Animals and Insects

Panda diplomacy returns: China to send more bears to the US this year

The two new furry friends, a male and a female, are expected to arrive at the San Diego Zoo by as early as this summer.

Panda diplomacy returns: China to send more bears to the US this year
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In what could be interpreted as a positive sign in relations between two world superpowers, China has agreed to send a new pair of giant pandas to the United States later this year after nearly all of the bears were removed from American zoos in recent years.

The San Diego Zoo Wildlife Alliance announced Thursday that it had signed a cooperative agreement with the China Wildlife Conservation Association to resume the so-called "panda diplomacy" between the two countries.

"Pandas in our care and in the care of Chinese colleagues at conservation facilities play an important role as assurance against extinction and loss of genetic diversity in their native habitats, as well as a source population for reintroductions," said Dr. Megan Owen, Vice President of Conservation Science. "Our partnership over the decades has served as a powerful example of how—when we work together—we can achieve what was once thought to be impossible."

Zoo says it found 70 coins inside alligator's stomach
Zoo says it found 70 coins inside alligator's stomach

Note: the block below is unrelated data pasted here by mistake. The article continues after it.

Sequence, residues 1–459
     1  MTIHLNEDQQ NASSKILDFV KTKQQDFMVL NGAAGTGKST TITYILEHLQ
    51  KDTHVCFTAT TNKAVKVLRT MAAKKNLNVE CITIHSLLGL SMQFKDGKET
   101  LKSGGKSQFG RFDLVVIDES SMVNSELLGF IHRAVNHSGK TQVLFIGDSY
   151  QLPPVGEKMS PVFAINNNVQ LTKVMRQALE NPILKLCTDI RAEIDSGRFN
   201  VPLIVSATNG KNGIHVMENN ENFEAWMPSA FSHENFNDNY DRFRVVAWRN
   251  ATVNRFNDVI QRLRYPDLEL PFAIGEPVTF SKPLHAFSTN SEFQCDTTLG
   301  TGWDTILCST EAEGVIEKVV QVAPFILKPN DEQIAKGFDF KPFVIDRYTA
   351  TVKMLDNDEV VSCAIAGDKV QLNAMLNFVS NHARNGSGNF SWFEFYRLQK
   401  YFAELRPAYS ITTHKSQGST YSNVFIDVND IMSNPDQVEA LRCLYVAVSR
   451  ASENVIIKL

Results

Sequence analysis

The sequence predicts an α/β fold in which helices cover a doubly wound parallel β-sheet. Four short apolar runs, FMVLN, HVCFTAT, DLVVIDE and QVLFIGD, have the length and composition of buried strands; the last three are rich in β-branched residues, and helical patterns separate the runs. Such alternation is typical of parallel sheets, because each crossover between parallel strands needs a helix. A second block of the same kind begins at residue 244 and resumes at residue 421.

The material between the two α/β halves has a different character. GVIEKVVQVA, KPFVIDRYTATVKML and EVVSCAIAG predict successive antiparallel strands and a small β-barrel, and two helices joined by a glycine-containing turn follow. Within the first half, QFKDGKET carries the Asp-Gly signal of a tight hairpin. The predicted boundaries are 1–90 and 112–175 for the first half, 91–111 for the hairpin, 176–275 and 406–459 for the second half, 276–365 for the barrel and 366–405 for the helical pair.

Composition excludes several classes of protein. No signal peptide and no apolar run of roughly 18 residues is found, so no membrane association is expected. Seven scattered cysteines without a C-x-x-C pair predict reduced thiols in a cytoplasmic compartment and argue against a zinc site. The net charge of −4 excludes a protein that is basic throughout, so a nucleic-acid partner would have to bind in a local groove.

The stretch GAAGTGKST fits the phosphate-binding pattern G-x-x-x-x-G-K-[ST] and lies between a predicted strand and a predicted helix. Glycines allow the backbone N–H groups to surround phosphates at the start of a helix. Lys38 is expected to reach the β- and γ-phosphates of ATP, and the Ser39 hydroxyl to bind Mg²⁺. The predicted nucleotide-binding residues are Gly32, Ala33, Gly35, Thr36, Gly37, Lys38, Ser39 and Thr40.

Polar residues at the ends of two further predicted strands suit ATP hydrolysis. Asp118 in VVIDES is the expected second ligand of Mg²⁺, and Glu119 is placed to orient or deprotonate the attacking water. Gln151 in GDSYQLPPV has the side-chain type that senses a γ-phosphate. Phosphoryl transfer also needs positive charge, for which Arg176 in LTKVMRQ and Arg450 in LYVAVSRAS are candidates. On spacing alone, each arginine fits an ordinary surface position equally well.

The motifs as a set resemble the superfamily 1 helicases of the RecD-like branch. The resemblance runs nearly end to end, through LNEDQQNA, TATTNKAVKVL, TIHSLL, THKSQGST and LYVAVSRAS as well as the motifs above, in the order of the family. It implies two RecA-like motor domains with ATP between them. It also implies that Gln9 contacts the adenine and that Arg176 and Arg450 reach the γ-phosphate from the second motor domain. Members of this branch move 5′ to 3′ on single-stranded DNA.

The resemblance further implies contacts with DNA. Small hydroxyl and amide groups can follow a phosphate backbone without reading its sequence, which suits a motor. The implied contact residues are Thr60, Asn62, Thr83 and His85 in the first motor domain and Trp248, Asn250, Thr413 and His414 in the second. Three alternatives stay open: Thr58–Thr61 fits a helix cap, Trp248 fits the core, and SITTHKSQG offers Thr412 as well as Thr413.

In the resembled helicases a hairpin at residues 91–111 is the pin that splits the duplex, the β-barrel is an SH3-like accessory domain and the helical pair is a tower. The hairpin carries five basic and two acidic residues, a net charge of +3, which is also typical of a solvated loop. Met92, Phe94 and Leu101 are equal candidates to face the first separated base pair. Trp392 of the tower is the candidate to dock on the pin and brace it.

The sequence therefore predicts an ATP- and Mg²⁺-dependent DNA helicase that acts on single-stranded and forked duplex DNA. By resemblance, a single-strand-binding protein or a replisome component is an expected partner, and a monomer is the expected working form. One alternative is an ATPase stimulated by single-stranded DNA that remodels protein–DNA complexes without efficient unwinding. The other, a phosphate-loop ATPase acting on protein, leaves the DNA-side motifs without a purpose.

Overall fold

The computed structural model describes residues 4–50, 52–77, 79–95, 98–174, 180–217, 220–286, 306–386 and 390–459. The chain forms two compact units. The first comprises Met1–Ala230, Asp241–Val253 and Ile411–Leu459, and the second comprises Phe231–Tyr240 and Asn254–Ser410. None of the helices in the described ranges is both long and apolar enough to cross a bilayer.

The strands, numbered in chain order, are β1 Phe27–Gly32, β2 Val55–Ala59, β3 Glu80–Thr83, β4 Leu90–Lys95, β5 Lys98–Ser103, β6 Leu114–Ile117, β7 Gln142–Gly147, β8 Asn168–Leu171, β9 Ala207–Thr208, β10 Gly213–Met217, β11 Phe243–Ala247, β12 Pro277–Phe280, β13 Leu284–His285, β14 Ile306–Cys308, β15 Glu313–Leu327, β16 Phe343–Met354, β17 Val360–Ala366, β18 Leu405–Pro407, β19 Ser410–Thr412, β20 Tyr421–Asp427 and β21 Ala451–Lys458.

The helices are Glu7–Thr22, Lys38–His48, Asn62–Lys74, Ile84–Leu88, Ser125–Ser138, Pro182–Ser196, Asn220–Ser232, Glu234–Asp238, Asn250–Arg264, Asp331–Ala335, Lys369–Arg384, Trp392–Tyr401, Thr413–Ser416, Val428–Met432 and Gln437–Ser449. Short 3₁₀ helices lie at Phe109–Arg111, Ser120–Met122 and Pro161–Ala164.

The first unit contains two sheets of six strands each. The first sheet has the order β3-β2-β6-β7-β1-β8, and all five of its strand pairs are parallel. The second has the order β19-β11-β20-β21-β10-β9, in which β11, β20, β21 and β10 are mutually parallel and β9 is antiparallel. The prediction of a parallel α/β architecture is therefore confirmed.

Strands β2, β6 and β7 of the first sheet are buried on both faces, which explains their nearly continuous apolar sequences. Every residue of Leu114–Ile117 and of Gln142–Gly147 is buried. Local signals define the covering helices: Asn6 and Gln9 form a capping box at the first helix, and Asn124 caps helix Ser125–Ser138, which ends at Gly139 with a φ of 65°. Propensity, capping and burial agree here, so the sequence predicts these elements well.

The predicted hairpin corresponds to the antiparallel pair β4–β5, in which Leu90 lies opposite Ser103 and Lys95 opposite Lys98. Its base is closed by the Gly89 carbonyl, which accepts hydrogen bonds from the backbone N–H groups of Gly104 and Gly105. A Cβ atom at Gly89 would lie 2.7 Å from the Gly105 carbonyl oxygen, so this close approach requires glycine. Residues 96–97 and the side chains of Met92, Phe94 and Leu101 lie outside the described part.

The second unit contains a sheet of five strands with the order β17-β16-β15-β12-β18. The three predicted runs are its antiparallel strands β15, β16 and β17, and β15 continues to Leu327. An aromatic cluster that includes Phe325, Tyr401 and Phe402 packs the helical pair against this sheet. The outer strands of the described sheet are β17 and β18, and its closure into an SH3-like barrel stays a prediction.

Zoo says it found 70 coins inside alligator's stomach

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Panda diplomacy for the U.S. dates back to 1972 when the first pair of giant pandas arrived as a gift from China. Since then, nine pandas and 17 surviving cubs have spent time in U.S. zoos on loan from China.  

For China, the benefit to panda diplomacy is improving the country's international image. But there's also a financial upside as panda loan agreements typically include large sums of money, often $1 million per year per pair of pandas.

However, amid deteriorating ties between the two countries, only four giant pandas currently remain in the U.S.: Two adults and two cubs at a zoo in Atlanta. All others have been returned to China. 

The Chinese government hasn't explained why pandas from the U.S. and some other Western nations were returned in recent years. It could be as simple as the lease agreements coming to an end, but experts have said it's hard not to see a connection with current-day politics. 

Nevertheless, it appears the U.S. will now get to welcome two new furry friends into the country yet again. Officials with the San Diego Zoo told the Associated Press that they expect to receive a male and a female by the end of this summer, as long as all requirements are met.